anyone? your crispy duck skin tips

In the Sous Vide Recipes Forum
I'm very happy with sous vide duck breasts.
In fact I wouldn't make them any other way anymore.
They're pink and moist and perfect.

BUT, I still can't manage really good crispy skin.

If you use the usual method of longish searing in a pan over medium-low heat, you get crisped skin, but the breast ends up about 1/3-1/2 cooked through by the time the fat is rendered and the skin crisped.

And trying to sear it after sous vide cooking presents the same problem.
It's ALREADY cooked through and so I don't want it on the heat of a pan for too long.

on the other hand, removing the skin first, and cooking the breast with just some fat in the bag, works great, but then what to do with the skin?

I've tried in the oven, under the broiler, and in a pan.
I'm not really happy with any of them like this.

so anyone have a method that works for you?

9 Replies So Far

I like to remove the skin after cooking the legs. Then, I brown the skin in a skillet over med-low heat. The skin comes off the legs easily once they've been cooked.
I see you have already tried this, but I'll tell you what I do anyway. I score the fat, then remove it from the meat. I'm talking breasts, here. Then, I sous vide the breasts, without any added fat and slowly render the fat from the fat covering in a frying pan. I then serve the rendered fat cap with the breast. I saw the rendered fat and use it to, say, fry potatoes.
and you find that just the skin and fat in a pan, you can get the skin crispy without weighting it to keep it flat or anything?

I find the fat renders, but the skin never really crisps

OTOH, I did fried Brussels Sprouts in duck fat the other day - pretty great.
As Elsie, I take the skin off the breasts as I've never found a satisfactory way of crisping it up whilst still attached.

I score the skin, salt, then sandwich the skin inbetween two layers of greaseproof paper, with baking trays on top and bottom, and pop them in an oven at 180-200C. I find a little extra weight on top helps keep them flat.

I can't remember where I originally got this idea (it's not mine) - but I'll give credit to Douglas Baldwin since I'm 90% sure it was probably from his book or site.
yes I think that's the Baldwin book

I can't say I find it an attractive method.

plus, is that WITH the fat layer?
I work as the meat guy in a 2 Michelin Star place in the UK. We have the same issue with the proper rendering of duck fat/skin while maintaining correct cuisson (final cook temp). We even went as far as to flash freezing the breasts with nitrogen, as we simply wanted rendered semi crispy skin and fully rendered fat before the breasts went in the bag.
I know these methods are not so accessible to everyone but you get the idea. IMO you want to hit the scored breasts (be sure your cuts dont go all the way through to the flesh) into a hot pan (1/2 teaspoon of oil) straight from the fridge (or even semi frozen from the freezer) to help maintain a low core temp. Keep pouring the excess fat out, but remember that a good amount of fat left will ensure even color and good flavour. Its important to keep the breast flat as it will try and curl as the fat renders out.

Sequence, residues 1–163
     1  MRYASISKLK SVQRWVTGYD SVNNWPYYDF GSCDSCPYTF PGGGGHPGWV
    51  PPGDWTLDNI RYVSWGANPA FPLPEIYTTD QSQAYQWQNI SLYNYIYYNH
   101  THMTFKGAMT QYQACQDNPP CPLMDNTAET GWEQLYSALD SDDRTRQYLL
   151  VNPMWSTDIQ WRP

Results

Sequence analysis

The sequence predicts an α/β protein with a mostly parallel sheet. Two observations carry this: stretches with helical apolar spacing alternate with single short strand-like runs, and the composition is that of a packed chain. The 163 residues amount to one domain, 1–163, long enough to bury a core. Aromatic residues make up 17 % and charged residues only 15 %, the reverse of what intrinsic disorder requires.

Blast chill. Into a bag. 62 deg 30 mins. Ice.
The moisture from the bag is going to have made the skin un crisp again no matter what you do, so you need to hit it in a hot pan (no oil). Reduce to a medium heat for around 5 mins or till skin is crisp again and breast is warmed through. flip flesh side down if needed.
If you prefer, glaze it in the same pan maple syrup (or spiced honey) with butter. Rest, Serve.

Given the wet nature of sous vide I think you are going to be hard pushed to replicate the dry roast crisp skin of a straight oven or pan roasted breast.

Hope this helps :)
@weedy, Sorry for the delay in reply - I obviously didn't flag this post for email.

Yes, it includes the fat layer, though this renders away to very little, depending on the time you leave it in the oven. The weight of the additional baking tray ensures it's completely flat too - I've balanced it at a jaunty angle on top of the duck breast in the past and I would say it looks fine...just not very traditional.
Okay, this post looks ancient but just had to register and say thanks so much for sharing the Baldwin book method. I did duck legs confit, and just peeled the fat off when they had cooled. It was already quite thin. That got sandwiched between 2 layers of greaseproof paper, then between sat between two preheated cast iron pans, high heat, 10 mins. It came out as a perfect transluscent shard of duck crackling. Unbelievable results. Wish I could post the photo on this forum - I'm no professional but this an amazing looking and tasting thing :) thnaks for the idea
I'm glad it turned out great for you!

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